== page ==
THE PORKCHOPPERS by Ross Thomas

THE PORKCHOPPERS

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KIRKUS REVIEW

A tough, cigar-stump story about a labor union election, an assassination, and a certain streak of dry rot in the fiber of the movement. Dan Cubbins, sixtyish, a heavy drinker who regretted never becoming an actor and a reasonably decent man who learned to make compromises, is up for reelection as president of his union. Opposing him is his secretary-treasurer, Sammy Hanks, product of a loveless childhood, given to tantrums and ruthless personal ambition. Operators, climbers, loyal cadres, and money movers gather around the two men while quietly, methodically, wheels are set in motion to hit Cubbins. As election day nears there are deals, press and TV interviews and countless hotel confabs and Cubbins is killed by a paid assassin. Cubbins' ex-cop son Kelly runs down the man who bought the murder. Thomas' club and desktop ferrets have a convincing plausibility and the jargon is acrid and long-toothed, although characterizations don't reach beyond the efficiency level. But for its purpose -- center cut.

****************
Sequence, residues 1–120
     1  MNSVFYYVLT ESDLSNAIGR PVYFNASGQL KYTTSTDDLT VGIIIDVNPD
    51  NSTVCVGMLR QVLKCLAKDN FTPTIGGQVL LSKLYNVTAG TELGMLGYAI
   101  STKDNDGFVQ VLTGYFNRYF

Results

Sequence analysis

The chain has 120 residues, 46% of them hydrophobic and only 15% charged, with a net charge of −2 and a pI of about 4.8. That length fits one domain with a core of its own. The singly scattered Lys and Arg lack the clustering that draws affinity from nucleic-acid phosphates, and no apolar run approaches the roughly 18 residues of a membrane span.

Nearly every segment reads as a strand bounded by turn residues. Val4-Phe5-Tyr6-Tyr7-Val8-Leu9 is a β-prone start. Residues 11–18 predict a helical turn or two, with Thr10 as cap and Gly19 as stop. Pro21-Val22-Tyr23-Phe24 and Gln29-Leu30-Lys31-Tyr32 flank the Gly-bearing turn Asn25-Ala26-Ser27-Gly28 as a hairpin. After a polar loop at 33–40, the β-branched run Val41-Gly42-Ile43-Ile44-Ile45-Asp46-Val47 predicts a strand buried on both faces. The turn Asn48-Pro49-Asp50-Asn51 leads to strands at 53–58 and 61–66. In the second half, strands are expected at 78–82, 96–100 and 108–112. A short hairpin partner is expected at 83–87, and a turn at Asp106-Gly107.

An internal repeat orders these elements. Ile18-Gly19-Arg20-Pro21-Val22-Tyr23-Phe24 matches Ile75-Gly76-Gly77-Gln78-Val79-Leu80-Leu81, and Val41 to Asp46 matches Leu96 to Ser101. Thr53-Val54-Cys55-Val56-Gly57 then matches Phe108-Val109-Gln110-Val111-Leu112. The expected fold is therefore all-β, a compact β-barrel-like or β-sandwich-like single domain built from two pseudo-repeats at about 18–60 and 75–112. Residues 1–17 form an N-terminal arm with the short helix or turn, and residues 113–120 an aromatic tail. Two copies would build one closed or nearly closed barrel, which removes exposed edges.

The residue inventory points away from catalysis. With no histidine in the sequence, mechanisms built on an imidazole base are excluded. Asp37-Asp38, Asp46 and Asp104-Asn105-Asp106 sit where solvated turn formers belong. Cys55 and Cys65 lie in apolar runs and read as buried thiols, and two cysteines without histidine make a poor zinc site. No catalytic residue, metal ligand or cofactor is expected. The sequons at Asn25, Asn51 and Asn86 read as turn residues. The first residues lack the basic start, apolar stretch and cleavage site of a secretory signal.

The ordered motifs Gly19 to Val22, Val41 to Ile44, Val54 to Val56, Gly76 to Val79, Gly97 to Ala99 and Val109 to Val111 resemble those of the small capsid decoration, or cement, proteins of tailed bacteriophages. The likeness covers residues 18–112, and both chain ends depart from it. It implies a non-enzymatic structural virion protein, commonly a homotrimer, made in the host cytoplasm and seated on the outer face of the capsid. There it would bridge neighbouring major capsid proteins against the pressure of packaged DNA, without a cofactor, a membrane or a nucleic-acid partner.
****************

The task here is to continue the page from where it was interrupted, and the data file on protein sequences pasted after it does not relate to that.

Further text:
Pub Date: June 5th, 1972
Publisher: Morrow